Detroit — Lions coach Matt Patricia has a rule.
Patricia on Sunday explained that if a trick play drawn up by offensive coordinator Darrell Bevell doesn’t work the first time it is ran in practice, it is out of consideration for good.
Last week in practice, they gave one a shot. The ball changed hands in the backfield twice before eventually being launched downfield to Kenny Golladay.
“They all started yelling, ‘First play,’” Patricia said. “I said, ‘I don’t think so.’”
It would take some convincing to get Patricia on-board with running the play in a game, but the Lions’ offense already had some credibility to its name. Detroit ran a flea-flicker on its first play from scrimmage in the Week 6 loss at Green Bay, a 66-yard completion to Golladay.
“As the week went, we talked about it, and felt good enough about it where we had a specifics spot, specific time that we wanted to take a shot at it,” Patricia said.
That moment came early in the fourth quarter of Detroit’s 31-26 win over the New York Giants at Ford Field.
Stafford took the snap from under center, pitched it to running back J.D. McKissic on his right, and reversed field to McKissic’s left. The former Seattle rusher threw a self-proclaimed “dime” back to his quarterback, who then loaded up and found Golladay for a 41-yard touchdown pass that’d result in the game’s winning score with 12:12 remaining.
“We let it rip, and it was great execution,” Patricia said. “I’m just glad it worked in a game.”
And Stafford is glad to have an offensive coordinator who is willing to open things up and let his guys make a play.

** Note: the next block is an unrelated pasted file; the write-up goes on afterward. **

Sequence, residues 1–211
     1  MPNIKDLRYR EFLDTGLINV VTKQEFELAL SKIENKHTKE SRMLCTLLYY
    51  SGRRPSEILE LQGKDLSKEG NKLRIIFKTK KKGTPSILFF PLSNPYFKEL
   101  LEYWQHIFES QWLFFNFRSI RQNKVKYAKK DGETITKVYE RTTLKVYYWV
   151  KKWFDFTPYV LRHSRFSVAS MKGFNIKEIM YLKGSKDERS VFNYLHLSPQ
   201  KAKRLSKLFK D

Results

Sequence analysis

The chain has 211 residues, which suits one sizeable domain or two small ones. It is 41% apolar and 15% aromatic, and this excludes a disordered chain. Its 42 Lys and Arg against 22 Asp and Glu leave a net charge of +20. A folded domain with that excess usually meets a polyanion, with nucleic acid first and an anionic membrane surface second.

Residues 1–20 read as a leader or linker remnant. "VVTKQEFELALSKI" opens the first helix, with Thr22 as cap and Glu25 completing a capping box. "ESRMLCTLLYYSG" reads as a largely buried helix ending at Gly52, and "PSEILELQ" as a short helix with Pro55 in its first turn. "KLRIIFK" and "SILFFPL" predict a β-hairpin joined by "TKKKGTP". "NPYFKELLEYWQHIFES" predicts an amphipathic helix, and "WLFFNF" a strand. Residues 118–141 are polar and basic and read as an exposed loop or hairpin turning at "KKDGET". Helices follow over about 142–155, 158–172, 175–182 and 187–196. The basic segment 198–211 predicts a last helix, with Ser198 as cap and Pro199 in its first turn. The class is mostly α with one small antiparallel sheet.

“I just like that (Bevell) is willing to try those things, put it in if we execute them and if they look good," Stafford said. "He has the confidence to go out there just like any other play and call it during the game.”
As a coordinator in Seattle, Bevell ran the same exact play against the Giants in 2017, McKissic’s second year with the Seahawks. McKissic had two jobs on the play: Sell the run fake and make the pass.
“I just had to sell it. It’s kind of a feeling, how much room I have,” McKissic said. “The main thing is to get it back to Staff. If he has pressure, somebody finally realizes what we’re doing and covers him, then I’d have to keep it.”
Despite only getting in a single rep during practice, McKissic said he was looking forward to running the play in a game — though it required some extra preparation.
“I got my one throw, we believed in it, and we got it done,” McKissic said. “I warmed up well though before.”
McKissic sold it to perfection, as did Golladay. He lined up in the slot to Stafford’s right, and once McKissic got the safety to shoot, “just took off.”
“I knew I was (open),” Golladay said. “When the safety came, I knew I just had to beat (Giants cornerback Antoine Bethea). I already had the angle on him and I just kept it high and Staff just put a ball up there for me.”
Nolan Bianchi is a freelance writer.